The ‘unconscious evocative effects’ Phillips speaks of are crucial. We–or at least the conscious components of ourselves–might not remember the details of the books we read, but the experience changes us nonetheless. We spent our days differently; there were distractions we ignored or only partially paid attention to; we altered somehow–to use an overworked phrase–our neural pathways.  We have, even without our knowing it, changed our orientation to the world’s offerings. That melancholia we feel, that sudden upswing in our mood, that unaccountable response to a movie, poem, a child’s pranks, an adult’s intransigence; an archaeology on them might yet reveal to a more omniscient species the bookish well-springs of their provenance.

There are no free lunches in this universe; but nothing goes to waste either. Read on.

Serendipity In The Library Stacks

I like libraries. Always have. My most favored writing space these days is a library, that of the CUNY Graduate Center in midtown Manhattan. I arrive by subway at the 34th Street station, exit at 35th Street, enter the B. Altman Building through the lobby, buy myself a coffee, and then head upstairs to the second floor. If my favored by-the-window spot is not available I seek out others and get to work. The ceilings are high; the light is good; and scholars around me remind me I should not spend too much time dilly-dallying on social media.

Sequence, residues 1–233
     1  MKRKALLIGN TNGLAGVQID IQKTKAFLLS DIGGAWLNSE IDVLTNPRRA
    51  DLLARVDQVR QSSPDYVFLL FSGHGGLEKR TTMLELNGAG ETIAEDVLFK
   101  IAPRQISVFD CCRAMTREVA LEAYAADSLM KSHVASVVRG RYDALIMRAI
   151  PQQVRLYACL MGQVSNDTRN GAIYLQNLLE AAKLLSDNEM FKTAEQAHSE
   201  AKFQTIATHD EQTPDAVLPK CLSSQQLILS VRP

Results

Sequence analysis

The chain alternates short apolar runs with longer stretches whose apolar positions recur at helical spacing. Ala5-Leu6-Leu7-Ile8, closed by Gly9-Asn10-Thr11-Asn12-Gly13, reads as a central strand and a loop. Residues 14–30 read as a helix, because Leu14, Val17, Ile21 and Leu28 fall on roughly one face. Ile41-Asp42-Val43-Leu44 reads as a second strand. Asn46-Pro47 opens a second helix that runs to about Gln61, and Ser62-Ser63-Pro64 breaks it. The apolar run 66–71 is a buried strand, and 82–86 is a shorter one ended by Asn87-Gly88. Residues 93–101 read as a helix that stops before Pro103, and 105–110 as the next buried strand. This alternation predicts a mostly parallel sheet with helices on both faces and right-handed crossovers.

But the real reason to like working in a library is that I’m surrounded by books. CUNY folks are used to griping, endlessly, about the relatively small size of our collections, but be that as it may, there are still many, many stacks of tomes here. And it’s not just the books that are immediately relevant to my writing projects that make a library a favored zone of work; it’s all of them, arranged according to a scheme whose workings I do not fully understand (and don’t want to.)

For between these stacks are passageways that must be traversed to move around within the library–those much-needed short walks to pick up a printout, a sharpened pencil for underlining and note-making, a trip to the restroom or water fountain for relief and refreshment, a short nap in the big armchairs by the windows. And as I walk among these stacks, among rows and columns of books, I encounter the serendipity of the stacks.

Here may be found entire domains of scholarship and literary and cultural accomplishment that I have not encountered and would never have had I not ventured into Stackland (and sometimes also into Returned For Reshelving Island.) Nineteenth century woman poets; obscure, marginalized ‘moments’ in art history; avant-garde novelists; dazzlingly incomprehensible mathematical monographs; presidential speeches; philosophers who never make it to graduate reading lists; Brazilian musicology; the list goes on. And on. (This exceedingly short list does no justice whatsoever to the richness of the offerings on display.)

I move quickly and briskly between the stacks, purposefully striding on toward my eventual destination. But the corners of my eyes are drawn towards the titles whizzing by. They pull me back toward them; they slow my steps. They bid me pick them up and inspect the spine, the cover, the table of contents. I am intrigued; I am awed by the labor of love so clearly visible. I am humbled; I am overwhelmed. I will never be able to produce scholarship this acute, this sustained. I am reminded, relentlessly, of how little I know. And how the vast edifice of human knowledge is built up by these constituents, arrayed here in their marvelous variety.

These walks are little expeditions of a kind; sorties and forays into uncharted territory. Who knows what I may find on the next one? I will never read all the books I glimpse here, but they do serve as reminders to keep reading. And writing.

The Incompatibiity Of Democracy And The Modern Nation-State